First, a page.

point to differences between; or compare to show differences
Her arms looked conspicuously bare by contrast.
Its long bands of windows were unbroken, in contrast to those of its neighbors.
It’s my …. What are you laughing at?" he asked, seeing the look of relief, of silent laughter that did not seem to be directed at his words-and then, before she answered, he smiled suddenly, as if he had guessed the answer, she saw some particular, intensely personal quality in his smile, which was almost a quality of insolent intimacy-in contrast to the calmly impersonal, casual manner with which he went on.
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Contrast winter in Panama with winter in Alaska.
Contrast typical underlying beliefs of pro-life and pro-choice supporters.
Mrs. Taggart had expected her to look like a preposterous contrast.
He was not conscious of it, he was looking off into some grim distance, but she felt certain that the action was a relief to him, perhaps as a contrast.
Watching him in the crowd, she realized the contrast for the first time.
I think of the contrast, all over the rest of the Taggart system.
It was the contrast he liked-the severity of her clothes and the half-naked body, the railroad executive who was a woman he owned.
Its style of indolent luxury, of velvet drapes, sculptured panels and candlelight, seemed a deliberate contrast to its function: no one could afford its hospitality except men who came to New York on business, to settle transactions involving the world.
The huge blanket of fur made her look like a child bundled for a snowstorm; the luxurious texture transformed the innocence of the awkward bundle into the elegance of a perversely intentional contrast: into a look of stressed sensuality.
The huge hoop skirt of the wedding gown brushed against the walls when she moved, her slender figure swaying above the skirt in the dramatic contrast of a tight, severe, long-sleeved bodice; the gown had been made by the best designer in the city.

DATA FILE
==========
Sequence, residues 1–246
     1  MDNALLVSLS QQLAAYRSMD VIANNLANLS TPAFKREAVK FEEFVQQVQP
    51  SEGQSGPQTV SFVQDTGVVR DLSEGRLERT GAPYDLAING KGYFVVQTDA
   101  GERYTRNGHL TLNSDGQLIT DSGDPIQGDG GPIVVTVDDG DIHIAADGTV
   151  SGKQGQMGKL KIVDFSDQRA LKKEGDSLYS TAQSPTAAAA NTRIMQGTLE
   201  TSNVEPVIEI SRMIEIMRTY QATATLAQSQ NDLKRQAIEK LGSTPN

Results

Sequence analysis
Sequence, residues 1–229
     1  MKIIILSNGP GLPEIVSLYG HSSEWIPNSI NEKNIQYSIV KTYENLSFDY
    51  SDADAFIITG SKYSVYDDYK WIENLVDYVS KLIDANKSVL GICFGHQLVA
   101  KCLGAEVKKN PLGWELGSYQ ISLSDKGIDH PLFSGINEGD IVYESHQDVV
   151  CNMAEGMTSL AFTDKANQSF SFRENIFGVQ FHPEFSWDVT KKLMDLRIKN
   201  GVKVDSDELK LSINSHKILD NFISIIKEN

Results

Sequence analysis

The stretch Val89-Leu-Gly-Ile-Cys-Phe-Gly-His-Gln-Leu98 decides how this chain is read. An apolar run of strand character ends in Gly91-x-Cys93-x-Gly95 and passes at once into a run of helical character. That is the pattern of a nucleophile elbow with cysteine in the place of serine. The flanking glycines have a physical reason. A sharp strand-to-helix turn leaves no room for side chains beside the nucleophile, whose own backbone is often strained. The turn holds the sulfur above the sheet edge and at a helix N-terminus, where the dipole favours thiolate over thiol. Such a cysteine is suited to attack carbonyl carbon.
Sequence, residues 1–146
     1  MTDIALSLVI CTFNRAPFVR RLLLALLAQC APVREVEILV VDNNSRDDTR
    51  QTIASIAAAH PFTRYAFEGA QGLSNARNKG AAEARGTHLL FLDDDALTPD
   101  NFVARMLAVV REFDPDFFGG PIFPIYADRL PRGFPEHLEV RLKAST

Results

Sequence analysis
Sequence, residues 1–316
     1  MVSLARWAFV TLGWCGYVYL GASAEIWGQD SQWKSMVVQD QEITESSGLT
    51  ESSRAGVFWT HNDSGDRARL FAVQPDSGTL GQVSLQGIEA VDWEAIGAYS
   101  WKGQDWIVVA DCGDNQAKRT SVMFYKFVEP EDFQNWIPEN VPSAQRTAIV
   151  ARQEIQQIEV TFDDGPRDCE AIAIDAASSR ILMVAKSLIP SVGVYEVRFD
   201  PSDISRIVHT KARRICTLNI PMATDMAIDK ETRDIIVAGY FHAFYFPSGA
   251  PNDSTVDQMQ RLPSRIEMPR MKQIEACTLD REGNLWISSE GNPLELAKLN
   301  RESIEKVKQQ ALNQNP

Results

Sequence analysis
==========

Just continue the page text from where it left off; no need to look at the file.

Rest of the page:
By some dim sense of contrast, which he did not define, the thought of his family was replaced by the thought of his encounter with the Wet Nurse, the Washington boy of his mills.
"Mr. Clarence ’Chick’ Morrison …. Admiral Homer Dawley …. Mr.-" She looked at the faces around her, wondering: Did they see the contrast?
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She looked like a schoolgirl, with the tailored collar of a pale blue nightgown lying severely high at the base of her throat; the nightgown’s front was a deliberate contrast to the severity, a spread of pale blue embroidery that looked luxuriously adult and feminine.
Then she felt a stab of desolate loneliness, much wider a loneliness than the span of an empty streetand a stab of anger at herself, at the preposterous contrast between her appearance and the context of this night and age.
…courage of a new thought, could he give up the world to those others?-so long as he could find a single sight to give him a life-restoring shot of admiration, could he believe that the world belonged to the sores, the moans and the guns?-the men who invented motors did exist, he would never doubt their reality, it was his vision of them that had made the contrast-unbearable, so that even the loathing was the tribute of his loyalty to them and to that world which was theirs and his.
Part of the intensity of her relief-she thought, as she walked silently by his side-was the shock of a contrast: she had seen, with the sudden, immediate vividness of sensory perception, an exact picture of what the code of self-sacrifice would have meant, if enacted by the three of them.
It was his hand that opened the door, but the sudden contrast of light and sound made it seem as if the door were flung open by an explosion: the light came from three hundred bulbs in the blazing chandeliers of the grand ballroom of the Wayne-Falkland Hotel; the sound was the applause of five hundred people.